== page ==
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SASKATOON: The union representing 90 workers at the Saskatoon Community Clinic vowed today to fight the closure of the clinic’s vision care department.

Yesterday afternoon, the clinic informed the union of its decision to eliminate the vision care department, effective March 17, to avoid a projected 2003/04 deficit of $339,000. The closure will result in the layoff of one out-of-scope optometrist, one part-time and three full-time unionized workers.

The union also learned today that another position in the accounting department could be eliminated as a result of yesterday’s announcement.

We are extremely disappointed that the clinic board completely ignored our recommendations to save vision care, especially our offer to defer wage increases to prevent these cutbacks, said Carla Smith, president of CUPE Local 974. We were hoping we could work together to find creative alternatives to address the budget shortfall.

In a presentation to the Saskatoon Community Clinic board on Monday, the union offered to recommend to its membership that they defer their 3 percent wage increase for the first three months of 2003 to avoid layoffs during the term of the collective agreement. The union said it would postpone the wage hike, negotiated in May, if out-of-scope staff followed suit.

Vision care is a key component of the one-stop health care that the clinic offers, said Smith. We don’t want to see clinic members lose this important and valued service.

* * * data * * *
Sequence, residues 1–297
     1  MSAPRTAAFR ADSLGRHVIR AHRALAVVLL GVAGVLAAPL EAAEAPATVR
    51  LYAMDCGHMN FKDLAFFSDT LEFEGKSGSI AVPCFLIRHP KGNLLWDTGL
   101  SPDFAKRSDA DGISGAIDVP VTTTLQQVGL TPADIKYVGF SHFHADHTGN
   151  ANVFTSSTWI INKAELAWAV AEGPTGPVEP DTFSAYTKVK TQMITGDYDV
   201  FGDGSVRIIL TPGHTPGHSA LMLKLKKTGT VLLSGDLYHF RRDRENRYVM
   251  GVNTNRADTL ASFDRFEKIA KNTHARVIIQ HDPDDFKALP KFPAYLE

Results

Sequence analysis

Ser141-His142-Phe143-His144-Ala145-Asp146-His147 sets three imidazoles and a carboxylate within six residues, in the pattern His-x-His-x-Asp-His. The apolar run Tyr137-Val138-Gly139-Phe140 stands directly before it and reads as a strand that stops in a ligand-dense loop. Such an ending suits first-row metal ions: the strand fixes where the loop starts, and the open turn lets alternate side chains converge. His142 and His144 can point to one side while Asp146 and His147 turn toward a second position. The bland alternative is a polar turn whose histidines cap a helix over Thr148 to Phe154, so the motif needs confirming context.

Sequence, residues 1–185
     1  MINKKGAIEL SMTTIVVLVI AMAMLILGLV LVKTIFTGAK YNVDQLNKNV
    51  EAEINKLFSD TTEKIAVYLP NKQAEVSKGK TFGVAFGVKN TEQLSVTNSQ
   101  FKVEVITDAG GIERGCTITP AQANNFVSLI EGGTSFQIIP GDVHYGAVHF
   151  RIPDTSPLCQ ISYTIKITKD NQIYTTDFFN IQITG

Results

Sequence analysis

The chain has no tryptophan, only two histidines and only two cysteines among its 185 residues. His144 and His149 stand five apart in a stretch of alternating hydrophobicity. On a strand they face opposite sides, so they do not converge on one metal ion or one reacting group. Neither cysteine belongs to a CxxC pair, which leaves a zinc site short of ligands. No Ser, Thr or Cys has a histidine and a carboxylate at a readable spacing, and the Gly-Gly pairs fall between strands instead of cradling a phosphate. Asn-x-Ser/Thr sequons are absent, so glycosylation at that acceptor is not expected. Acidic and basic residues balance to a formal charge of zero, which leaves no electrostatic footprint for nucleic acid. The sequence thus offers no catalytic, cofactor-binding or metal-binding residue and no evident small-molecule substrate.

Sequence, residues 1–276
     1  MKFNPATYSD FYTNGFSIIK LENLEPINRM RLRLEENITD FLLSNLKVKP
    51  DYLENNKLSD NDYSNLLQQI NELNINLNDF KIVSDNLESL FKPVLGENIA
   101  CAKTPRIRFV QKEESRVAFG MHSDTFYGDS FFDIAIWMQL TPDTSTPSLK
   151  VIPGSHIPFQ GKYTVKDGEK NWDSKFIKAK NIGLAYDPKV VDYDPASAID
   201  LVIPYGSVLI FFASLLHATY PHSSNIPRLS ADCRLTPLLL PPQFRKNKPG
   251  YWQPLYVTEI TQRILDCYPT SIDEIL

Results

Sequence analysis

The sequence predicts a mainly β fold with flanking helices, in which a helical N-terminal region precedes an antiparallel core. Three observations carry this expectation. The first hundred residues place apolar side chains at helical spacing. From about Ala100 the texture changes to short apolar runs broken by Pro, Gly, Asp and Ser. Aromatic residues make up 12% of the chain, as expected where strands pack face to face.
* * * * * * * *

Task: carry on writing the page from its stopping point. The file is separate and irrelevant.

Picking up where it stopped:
Smith said the union is planning to work with clinic members to try to overturn the elimination of vision care at the clinic’s semi-annual meeting in January. A union membership meeting will be held tonight.

CUPE is also calling on the provincial government, which provides the majority of funding to the clinic, to increase base funding to the Saskatoon Community Clinic and other community clinics across the province.

The Romanow report says primary health care would save money and improve health. And the province says the expansion of primary health care is an integral part of its action plan for health care. Why, then, are we seeing these cutbacks at the Saskatoon Community Clinic? The provincial government needs to put its money where its mouth is if it’s really serious about primary health care reform.

CUPE represents a wide range of health care workers at the clinic, including nurses, lab and x-ray technologists, nutritionists, pharmacists, therapists, optometric and clerical staff.

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For more information contact Carla Smith at 222-3692.